Invasive insect that kills hemlock trees found at Ann Arbor arboretum

Untreated trees infested with hemlock woolly adelgid die within 4-10 years

Infestations appear on the underside of tree branches, and look like tiny cotton balls. Photo courtesy of Michigan Invasive Species Program (WDIV)

ANN ARBOR, Mich. – Washtenaw County is now the seventh Michigan county to confirm an infestation of invasive woolly adelgid (HWA), which are insects that feed on tree sap and can kill eastern hemlock trees.

The Michigan Department of Agriculture and Rural Development verified the insect infestation at the Nichols Arboretum in Ann Arbor on May 9. The pest poses a problem for homeowners who have planted or previously had hemlock trees, but the infestation is not a significant threat to Washtenaw’s natural resources and environment, according to Mark Philip, director of MDARD’s Pesticide and Plant Pest Management Division.

The invasive insects weaken needles, shoots and branches over time by extracting sap from hemlock trees. Infested trees experience slower growth, take on a grayish-green appearance, and die within four to 10 years if left untreated.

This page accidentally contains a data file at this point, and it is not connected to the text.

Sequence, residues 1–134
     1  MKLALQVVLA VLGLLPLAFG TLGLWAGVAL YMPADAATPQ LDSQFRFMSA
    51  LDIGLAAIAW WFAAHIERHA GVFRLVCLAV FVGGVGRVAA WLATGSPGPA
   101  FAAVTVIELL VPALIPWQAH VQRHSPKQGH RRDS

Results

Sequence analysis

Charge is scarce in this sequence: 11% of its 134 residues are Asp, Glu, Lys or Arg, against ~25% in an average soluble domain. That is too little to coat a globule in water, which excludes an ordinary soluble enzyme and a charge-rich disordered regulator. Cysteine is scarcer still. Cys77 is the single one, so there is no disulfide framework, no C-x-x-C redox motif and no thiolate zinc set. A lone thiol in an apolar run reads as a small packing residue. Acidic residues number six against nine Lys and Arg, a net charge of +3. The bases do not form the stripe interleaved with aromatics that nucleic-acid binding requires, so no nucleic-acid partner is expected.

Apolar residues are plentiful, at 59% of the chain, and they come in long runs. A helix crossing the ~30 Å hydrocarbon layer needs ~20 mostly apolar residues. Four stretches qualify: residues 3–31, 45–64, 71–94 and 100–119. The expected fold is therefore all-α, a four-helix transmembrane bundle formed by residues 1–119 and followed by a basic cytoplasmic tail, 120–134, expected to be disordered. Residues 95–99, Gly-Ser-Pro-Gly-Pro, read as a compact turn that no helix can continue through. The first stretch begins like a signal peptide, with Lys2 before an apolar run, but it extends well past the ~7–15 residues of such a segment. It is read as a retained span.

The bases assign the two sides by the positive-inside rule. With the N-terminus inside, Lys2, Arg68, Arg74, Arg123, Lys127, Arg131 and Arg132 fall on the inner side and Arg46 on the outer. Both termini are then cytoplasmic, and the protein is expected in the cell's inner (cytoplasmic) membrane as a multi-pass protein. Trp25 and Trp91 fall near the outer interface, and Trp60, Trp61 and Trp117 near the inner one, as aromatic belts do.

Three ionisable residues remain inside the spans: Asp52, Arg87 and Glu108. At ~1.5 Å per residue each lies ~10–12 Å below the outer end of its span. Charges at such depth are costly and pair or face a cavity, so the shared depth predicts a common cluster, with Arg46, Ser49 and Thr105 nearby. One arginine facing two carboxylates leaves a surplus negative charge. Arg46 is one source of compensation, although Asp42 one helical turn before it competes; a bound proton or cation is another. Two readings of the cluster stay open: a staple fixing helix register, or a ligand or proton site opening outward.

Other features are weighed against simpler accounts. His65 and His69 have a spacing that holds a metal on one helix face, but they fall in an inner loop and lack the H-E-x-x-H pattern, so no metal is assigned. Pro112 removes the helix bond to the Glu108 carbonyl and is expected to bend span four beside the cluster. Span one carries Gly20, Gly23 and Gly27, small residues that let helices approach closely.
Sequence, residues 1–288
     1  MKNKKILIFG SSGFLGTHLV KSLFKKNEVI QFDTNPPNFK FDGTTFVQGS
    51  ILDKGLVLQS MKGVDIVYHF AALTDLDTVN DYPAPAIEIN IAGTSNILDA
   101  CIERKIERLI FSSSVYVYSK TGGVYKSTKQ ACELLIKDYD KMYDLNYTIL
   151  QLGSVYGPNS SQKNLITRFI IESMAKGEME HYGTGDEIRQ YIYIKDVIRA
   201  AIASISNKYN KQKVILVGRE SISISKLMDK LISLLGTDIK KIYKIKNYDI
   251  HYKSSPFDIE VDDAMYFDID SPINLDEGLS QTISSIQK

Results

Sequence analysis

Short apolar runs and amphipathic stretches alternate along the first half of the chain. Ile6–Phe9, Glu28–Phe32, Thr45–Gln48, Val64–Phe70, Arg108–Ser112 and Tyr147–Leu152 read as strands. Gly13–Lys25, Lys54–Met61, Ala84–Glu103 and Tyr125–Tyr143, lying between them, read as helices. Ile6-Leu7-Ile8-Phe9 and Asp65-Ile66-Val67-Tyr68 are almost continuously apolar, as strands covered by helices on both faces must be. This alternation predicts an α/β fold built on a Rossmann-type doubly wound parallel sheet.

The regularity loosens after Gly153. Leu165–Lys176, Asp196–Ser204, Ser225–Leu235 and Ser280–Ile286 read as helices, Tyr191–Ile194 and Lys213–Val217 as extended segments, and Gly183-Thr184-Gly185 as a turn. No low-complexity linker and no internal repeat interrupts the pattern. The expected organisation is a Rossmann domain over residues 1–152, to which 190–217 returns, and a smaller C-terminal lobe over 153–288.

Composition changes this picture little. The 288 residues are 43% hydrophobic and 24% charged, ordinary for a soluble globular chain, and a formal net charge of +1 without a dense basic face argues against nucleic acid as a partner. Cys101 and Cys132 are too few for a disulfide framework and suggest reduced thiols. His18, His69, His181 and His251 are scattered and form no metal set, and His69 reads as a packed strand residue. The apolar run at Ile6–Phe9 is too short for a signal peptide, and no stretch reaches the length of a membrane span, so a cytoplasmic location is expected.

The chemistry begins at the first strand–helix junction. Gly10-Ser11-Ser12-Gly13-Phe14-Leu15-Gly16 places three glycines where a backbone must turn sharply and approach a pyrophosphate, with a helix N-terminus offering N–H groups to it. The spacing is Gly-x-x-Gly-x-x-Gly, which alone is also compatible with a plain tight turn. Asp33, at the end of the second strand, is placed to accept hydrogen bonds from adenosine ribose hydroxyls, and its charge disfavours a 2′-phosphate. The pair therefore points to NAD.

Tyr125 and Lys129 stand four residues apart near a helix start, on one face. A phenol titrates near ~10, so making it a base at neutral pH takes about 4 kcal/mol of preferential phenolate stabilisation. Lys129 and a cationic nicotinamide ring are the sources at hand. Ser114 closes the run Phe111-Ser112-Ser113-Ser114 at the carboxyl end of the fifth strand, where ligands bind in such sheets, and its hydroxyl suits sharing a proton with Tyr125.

Residents and park managers near the arboretum are being asked to examine their hemlock trees and report any HWA they find. Infestations appear at the base of hemlock needles on the underside of tree branches, and look like tiny cotton balls, according to the Michigan Invasive Species Program.

The insects do not travel far on their own, but can be taken to new locations by attaching to people, animals and vehicles.

Residents can prevent the spread of invasive species by taking the following steps:

  • Buying firewood where you burn it, and leaving it at home.
  • Staying on trails to protect natural areas.
  • Avoiding parking under trees or in fields.
  • Cleaning gear and vehicles before driving.
  • Reporting potential infestations by: emailing MDARD (; calling MDARD Customer Service Center at 800-292-3939 on weekdays between 8 a.m. and 5 p.m.; using the Midwest Invasive Species Information Network’s online tool; or using the MISIN’s smartphone app.

Learn more information about HWA and other invasive species on the state’s website here.

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